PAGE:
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dc.contributor.authorHasler, Rebecca
dc.date.accessioned2020-08-19T23:34:19Z
dc.date.available2020-08-19T23:34:19Z
dc.date.issued2018-08-20
dc.identifier.citationHasler , R 2018 , ' 'Tossing and turning your booke upside downe' : The Trimming of Thomas Nashe , Cambridge, and scholarly reading ' , Renaissance Studies , vol. In press . https://doi.org/10.1111/rest.12504en
dc.identifier.issn0269-1213
dc.identifier.otherPURE: 254990989
dc.identifier.otherPURE UUID: 3556553b-e7fd-4577-aef4-4260d31bcca9
dc.identifier.otherScopus: 85052384750
dc.identifier.otherWOS: 000471337700003
dc.identifier.urihttp://hdl.handle.net/10023/20488
dc.descriptionThis research was undertaken during the course of a SGSAH AHRC studentshipen
dc.description.abstractThis article explores the distinctive culture of critical reading based around the University of Cambridge in the 1590s. Drawing upon new evidence that The Trimming of Thomas Nashe (1597) was produced by a Cambridge stationer for an audience of Cambridge scholars, it reconstructs the literary values of this community. The Trimming parodies Nashe's Have With You to Saffron‐Walden (1596). Its purported author – Richard Lichfield – draws upon his close reading of Have With You to attack Nashe by imitating his style. Similarly, the Parnassus Plays – which were performed at St John's College, Cambridge, between 1598 and 1601 – allude to the works of Nashe and Lichfield, and offer a comparable appraisal of contemporary literature. By unravelling the connections between Nashe, Lichfield, and the Parnassus Plays, this article demonstrates that some writers and stationers marketed their works to a specifically scholarly audience. These scholars used critical reading to reinforce a sense of community that was characterized by their perceived social and educational superiority to other readers, and that responded to their insecurities regarding the role of professional writers in the Elizabethan book trade.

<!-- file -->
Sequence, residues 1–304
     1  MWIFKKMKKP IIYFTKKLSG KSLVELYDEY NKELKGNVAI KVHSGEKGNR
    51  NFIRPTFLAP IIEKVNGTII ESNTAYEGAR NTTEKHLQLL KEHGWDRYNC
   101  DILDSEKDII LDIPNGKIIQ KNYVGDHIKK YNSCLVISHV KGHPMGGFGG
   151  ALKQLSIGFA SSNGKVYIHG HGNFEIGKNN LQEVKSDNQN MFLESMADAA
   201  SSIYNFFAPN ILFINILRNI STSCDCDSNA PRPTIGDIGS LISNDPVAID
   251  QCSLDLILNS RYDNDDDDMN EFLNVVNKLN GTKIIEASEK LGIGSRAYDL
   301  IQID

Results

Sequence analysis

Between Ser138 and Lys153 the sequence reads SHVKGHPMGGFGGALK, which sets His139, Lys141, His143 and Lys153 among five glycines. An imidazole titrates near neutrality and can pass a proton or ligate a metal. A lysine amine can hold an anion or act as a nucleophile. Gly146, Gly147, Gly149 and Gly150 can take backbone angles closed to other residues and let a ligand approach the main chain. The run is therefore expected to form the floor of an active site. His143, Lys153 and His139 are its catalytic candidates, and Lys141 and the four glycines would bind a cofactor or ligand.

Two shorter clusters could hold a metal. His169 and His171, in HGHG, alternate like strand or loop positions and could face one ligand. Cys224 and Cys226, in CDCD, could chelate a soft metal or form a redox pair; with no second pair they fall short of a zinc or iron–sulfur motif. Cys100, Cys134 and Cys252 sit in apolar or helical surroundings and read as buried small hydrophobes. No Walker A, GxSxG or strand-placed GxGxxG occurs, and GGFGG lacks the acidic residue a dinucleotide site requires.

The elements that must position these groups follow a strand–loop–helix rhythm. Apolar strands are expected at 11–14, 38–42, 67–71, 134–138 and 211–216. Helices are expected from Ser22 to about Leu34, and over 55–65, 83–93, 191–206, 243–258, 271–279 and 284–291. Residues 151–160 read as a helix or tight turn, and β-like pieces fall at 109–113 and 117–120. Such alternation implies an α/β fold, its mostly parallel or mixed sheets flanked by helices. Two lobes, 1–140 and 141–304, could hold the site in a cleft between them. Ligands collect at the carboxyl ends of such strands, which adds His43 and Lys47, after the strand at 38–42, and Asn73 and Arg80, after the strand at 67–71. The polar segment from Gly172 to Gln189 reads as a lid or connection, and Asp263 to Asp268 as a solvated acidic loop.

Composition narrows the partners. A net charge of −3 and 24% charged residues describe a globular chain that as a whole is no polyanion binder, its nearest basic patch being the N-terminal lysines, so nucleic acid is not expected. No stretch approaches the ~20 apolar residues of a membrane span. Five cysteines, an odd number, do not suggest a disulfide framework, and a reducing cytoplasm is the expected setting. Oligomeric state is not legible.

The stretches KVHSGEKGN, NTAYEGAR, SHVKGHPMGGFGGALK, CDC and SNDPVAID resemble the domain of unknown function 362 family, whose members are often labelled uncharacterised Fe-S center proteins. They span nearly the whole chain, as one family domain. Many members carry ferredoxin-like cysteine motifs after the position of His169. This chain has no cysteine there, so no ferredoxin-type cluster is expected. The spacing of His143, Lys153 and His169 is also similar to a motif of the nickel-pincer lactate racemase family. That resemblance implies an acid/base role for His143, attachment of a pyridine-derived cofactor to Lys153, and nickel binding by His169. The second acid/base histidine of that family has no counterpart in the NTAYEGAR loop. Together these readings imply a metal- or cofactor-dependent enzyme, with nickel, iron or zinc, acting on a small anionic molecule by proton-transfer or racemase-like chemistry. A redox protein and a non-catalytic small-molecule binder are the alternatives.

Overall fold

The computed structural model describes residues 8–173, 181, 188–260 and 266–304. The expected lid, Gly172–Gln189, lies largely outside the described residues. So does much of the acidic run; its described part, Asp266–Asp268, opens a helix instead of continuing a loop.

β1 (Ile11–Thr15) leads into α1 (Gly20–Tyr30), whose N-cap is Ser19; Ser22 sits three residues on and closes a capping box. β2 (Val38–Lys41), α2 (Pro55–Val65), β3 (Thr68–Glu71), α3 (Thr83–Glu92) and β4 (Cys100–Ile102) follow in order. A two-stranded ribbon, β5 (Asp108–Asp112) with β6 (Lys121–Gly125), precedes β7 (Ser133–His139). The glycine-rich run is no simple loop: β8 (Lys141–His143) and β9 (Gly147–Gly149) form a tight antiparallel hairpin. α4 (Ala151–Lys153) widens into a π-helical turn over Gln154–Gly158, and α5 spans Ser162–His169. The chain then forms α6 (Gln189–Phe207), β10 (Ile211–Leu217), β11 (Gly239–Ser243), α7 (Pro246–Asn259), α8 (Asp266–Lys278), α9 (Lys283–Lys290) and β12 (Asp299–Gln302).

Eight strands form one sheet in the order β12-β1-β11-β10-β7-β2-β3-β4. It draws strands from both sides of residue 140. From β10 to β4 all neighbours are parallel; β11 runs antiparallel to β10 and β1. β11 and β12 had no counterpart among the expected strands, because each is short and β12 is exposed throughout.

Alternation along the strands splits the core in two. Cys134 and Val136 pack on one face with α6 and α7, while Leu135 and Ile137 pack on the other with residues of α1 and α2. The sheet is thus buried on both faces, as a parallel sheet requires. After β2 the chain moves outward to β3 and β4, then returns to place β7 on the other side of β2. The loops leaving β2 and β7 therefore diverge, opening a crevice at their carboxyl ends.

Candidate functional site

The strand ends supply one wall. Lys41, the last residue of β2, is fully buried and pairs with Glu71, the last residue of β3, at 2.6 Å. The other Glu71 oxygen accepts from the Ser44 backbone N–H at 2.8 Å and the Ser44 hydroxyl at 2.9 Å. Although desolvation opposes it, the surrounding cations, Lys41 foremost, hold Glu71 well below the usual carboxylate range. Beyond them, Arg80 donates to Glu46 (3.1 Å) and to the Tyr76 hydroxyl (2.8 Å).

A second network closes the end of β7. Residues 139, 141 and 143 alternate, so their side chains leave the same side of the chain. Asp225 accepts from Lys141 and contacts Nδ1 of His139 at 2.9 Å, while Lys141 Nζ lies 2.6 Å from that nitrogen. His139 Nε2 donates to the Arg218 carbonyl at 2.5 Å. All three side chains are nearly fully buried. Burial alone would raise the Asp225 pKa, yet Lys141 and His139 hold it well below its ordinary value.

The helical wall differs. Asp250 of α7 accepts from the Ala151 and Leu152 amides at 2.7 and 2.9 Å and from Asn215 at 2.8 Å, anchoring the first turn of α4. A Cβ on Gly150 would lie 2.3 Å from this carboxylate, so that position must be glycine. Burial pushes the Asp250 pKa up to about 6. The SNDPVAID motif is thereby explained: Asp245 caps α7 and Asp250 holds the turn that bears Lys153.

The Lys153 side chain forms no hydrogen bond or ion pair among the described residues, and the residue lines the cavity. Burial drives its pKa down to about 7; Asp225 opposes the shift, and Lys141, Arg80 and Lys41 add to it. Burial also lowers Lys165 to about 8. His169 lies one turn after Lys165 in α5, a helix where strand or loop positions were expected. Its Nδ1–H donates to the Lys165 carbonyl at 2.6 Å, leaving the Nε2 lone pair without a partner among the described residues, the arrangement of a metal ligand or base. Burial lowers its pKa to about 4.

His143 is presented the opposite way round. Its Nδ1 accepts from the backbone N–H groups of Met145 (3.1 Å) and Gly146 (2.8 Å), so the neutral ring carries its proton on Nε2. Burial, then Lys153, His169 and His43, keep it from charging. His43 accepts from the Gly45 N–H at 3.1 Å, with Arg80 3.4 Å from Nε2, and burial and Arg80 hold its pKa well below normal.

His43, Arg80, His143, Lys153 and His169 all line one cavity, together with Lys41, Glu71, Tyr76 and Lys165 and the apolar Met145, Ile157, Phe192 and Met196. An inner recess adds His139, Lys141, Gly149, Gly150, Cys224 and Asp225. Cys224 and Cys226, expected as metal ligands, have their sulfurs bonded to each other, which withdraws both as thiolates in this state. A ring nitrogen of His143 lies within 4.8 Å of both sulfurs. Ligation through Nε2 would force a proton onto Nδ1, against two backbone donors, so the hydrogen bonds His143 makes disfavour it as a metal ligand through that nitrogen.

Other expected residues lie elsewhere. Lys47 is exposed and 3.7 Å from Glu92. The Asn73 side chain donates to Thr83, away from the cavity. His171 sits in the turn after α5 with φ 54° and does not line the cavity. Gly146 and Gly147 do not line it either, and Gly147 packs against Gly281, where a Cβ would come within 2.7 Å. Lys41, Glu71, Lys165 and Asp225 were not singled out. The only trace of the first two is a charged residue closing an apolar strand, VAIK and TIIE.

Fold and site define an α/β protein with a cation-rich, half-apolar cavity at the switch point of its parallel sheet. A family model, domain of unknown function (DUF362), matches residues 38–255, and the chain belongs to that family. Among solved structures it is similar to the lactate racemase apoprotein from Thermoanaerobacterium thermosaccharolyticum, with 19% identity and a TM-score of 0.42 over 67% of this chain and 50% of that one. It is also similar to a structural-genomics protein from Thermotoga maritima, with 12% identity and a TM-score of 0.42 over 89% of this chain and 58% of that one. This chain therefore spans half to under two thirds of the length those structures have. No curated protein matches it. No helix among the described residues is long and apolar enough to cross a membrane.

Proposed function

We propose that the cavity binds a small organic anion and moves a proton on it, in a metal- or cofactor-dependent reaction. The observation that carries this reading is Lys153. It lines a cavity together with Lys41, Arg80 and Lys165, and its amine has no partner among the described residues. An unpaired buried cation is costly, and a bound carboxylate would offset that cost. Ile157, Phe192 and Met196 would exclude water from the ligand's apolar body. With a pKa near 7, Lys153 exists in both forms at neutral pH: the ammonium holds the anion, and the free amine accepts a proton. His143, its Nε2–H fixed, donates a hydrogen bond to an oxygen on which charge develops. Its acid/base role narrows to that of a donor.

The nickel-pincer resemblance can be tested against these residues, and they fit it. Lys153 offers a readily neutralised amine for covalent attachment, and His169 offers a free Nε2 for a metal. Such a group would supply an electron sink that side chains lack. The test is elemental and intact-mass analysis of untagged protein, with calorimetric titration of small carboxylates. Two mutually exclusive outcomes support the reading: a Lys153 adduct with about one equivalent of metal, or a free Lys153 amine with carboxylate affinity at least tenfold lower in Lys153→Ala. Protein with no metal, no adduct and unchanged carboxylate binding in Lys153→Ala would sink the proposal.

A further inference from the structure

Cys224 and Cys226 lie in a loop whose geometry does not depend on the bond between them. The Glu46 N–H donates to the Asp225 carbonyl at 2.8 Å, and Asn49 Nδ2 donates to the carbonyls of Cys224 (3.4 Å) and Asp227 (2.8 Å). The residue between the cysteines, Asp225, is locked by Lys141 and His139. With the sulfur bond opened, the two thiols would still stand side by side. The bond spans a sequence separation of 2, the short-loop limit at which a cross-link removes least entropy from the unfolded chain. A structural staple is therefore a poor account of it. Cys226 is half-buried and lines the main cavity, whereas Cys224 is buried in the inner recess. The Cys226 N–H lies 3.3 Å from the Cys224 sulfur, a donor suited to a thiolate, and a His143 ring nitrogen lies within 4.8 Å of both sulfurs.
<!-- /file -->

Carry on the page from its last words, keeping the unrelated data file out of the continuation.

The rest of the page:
dc.language.isoeng
dc.relation.ispartofRenaissance Studiesen
dc.rights© 2018 The Society for Renaissance Studies and John Wiley & Sons Ltd. This work has been made available online in accordance with the publisher’s policies. This is the author created accepted version manuscript following peer review and as such may differ slightly from the final published version. The final published version of this work is available at https://doi.org/10.1111/rest.12504en
dc.subjectThomas Nasheen
dc.subjectCambridgeen
dc.subjectEarly Modern printen
dc.subjectParnassus Playsen
dc.subjectGabriel Harveyen
dc.subjectP Language and Literatureen
dc.subjectLiterature and Literary Theoryen
dc.subjectT-NDASen
dc.subject.lccPen
dc.title'Tossing and turning your booke upside downe' : The Trimming of Thomas Nashe, Cambridge, and scholarly readingen
dc.typeJournal articleen
dc.description.versionPostprinten
dc.contributor.institutionUniversity of St Andrews.School of Englishen
dc.identifier.doihttps://doi.org/10.1111/rest.12504
dc.description.statusPeer revieweden
dc.date.embargoedUntil2020-08-20


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